[jdom-interest] jdom and dom4j

Alex Rosen arosen at silverstream.com
Tue Jun 18 10:03:27 PDT 2002

I'm no expert on this subject, but I would say that if there in fact is no
JDOM code left in dom4j, then: (1) It's questionable whether you'd call it a
"fork" or not. That jargon entry isn't clear on the subject, and I wouldn't
call it authoritative anyway. And (2) I would think that it's not a derived
work and doesn't need the JDOM license. For example if someone discovers
that GPL'd code has mistakenly been incorporated into their codebase, then a
legitimate way to fix this problem AFAIK is to rewrite that functionality
yourself. As another example, the DivX codec started out as a hacked version
of a Microsoft codec, but eventually all the parts were rewritten, so now
it's legit, IIRC.

If there is still JDOM code there, then I agree, you could ask them to
re-add the JDOM license.


> -----Original Message-----
> From: jdom-interest-admin at jdom.org
> [mailto:jdom-interest-admin at jdom.org]On Behalf Of Jason Hunter
> Sent: Tuesday, June 18, 2002 2:05 AM
> To: Dennis Sosnoski
> Cc: bob mcwhirter; jdom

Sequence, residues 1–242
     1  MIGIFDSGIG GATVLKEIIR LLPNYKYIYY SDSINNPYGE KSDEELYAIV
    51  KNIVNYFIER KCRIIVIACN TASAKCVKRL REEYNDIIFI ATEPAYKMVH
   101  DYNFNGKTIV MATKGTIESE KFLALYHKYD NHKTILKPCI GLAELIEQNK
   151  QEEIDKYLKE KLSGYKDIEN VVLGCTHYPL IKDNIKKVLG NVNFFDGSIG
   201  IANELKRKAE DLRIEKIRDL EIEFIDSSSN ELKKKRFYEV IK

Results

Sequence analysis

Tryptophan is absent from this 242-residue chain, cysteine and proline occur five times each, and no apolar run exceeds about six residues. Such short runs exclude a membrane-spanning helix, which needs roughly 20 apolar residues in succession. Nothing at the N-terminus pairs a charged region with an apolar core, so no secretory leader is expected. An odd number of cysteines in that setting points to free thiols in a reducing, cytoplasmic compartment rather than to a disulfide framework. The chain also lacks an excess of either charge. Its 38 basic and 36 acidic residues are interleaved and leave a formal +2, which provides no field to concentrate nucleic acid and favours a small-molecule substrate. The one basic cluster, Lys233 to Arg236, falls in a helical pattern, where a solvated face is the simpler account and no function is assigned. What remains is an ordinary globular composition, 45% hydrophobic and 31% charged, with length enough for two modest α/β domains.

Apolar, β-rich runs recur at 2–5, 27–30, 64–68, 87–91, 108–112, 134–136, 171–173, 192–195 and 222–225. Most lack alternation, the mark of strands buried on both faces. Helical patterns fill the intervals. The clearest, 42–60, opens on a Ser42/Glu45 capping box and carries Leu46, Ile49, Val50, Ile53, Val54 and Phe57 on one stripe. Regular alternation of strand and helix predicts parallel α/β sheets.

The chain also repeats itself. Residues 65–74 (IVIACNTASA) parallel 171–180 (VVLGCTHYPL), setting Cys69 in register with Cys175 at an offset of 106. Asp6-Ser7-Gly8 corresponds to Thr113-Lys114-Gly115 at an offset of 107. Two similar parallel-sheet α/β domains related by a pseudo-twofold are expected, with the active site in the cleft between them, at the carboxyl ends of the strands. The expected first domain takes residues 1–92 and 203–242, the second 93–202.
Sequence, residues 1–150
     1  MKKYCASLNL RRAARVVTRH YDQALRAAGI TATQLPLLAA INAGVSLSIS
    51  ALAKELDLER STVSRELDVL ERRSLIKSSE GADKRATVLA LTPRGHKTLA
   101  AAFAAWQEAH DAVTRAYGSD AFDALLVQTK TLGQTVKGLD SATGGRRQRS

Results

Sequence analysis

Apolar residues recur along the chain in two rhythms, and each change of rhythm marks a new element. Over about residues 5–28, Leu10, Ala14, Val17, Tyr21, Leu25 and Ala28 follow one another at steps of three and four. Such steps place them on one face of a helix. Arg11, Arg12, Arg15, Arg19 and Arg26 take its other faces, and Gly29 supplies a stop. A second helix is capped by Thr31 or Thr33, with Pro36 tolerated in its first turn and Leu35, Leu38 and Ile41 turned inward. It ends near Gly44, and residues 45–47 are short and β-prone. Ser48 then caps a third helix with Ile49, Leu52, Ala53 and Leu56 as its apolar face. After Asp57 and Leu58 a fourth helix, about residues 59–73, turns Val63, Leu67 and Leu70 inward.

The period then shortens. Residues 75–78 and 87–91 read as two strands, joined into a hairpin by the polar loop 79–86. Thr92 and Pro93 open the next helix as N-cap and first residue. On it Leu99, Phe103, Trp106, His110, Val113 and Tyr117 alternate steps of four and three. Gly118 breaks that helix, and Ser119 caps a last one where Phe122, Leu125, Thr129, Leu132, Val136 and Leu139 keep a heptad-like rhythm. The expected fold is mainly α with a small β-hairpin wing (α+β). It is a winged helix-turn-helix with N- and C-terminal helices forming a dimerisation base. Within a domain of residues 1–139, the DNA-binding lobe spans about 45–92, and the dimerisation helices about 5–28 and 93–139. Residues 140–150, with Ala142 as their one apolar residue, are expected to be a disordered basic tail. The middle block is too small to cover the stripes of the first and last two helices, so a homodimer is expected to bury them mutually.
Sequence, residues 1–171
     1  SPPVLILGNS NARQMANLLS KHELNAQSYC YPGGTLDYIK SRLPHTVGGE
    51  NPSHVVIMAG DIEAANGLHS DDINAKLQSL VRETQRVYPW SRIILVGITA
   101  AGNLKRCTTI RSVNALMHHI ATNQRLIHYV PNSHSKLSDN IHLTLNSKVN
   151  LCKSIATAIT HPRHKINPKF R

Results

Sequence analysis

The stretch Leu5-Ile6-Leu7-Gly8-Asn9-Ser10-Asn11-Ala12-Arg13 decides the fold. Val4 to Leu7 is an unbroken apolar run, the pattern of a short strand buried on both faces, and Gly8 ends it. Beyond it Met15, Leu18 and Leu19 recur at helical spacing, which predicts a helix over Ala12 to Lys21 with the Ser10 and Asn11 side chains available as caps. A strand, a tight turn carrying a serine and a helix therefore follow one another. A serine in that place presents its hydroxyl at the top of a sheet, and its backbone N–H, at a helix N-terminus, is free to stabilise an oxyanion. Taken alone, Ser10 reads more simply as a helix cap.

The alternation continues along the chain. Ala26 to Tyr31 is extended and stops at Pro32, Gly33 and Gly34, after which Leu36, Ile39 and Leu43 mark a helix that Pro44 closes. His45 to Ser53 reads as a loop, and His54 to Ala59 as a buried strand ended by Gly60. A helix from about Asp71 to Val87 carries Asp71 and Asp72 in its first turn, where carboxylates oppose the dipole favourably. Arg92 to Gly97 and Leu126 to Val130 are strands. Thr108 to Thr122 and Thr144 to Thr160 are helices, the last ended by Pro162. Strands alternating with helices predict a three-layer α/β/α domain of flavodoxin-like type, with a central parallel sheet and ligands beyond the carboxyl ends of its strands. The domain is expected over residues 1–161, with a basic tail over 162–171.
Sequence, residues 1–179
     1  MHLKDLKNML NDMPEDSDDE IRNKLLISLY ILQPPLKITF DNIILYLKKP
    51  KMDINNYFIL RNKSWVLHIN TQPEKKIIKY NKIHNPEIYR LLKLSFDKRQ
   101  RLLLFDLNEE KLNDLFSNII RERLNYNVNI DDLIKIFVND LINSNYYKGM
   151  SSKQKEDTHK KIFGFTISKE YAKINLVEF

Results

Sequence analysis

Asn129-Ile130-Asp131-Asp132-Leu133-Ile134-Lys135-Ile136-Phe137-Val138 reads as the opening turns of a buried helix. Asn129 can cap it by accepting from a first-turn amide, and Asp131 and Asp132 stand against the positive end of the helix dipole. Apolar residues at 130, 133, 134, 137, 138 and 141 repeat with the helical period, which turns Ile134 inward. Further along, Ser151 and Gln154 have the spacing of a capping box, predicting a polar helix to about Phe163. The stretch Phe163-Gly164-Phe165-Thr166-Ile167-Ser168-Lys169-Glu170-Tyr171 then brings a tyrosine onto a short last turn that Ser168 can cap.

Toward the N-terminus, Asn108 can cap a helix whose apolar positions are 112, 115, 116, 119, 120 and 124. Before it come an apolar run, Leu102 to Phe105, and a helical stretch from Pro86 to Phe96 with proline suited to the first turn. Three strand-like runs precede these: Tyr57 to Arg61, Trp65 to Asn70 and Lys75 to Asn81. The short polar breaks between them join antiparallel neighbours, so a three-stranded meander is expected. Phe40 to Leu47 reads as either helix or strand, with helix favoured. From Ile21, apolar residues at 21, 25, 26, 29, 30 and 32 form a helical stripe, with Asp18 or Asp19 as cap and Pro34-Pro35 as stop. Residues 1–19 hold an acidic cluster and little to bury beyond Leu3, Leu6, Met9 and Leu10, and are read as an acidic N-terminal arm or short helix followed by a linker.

> Subject: Re: [jdom-interest] jdom and dom4j
> The first release of dom4j was based on JDOM code.  If you
> don't believe
> me, I can dig up references.  That defines it as a fork.
> http://info.astrian.net/jargon/terms/f/fork.html
> Over time the codebases have of course diverged.  Yet looking through
> the dom4j I do still see remnants of the old JDOM code.  I don't think
> dom4j ever did a clean room restart.
> Hmm, yet I don't see any reference to the JDOM license as is
> required.
> Even if they rewrote basically all the code over time, I'm pretty sure
> it's still a derived work legally speaking.  That puts them
> in violation
> of the JDOM license since they removed the required JDOM copyright
> notice and the other license clauses.
> -jh-

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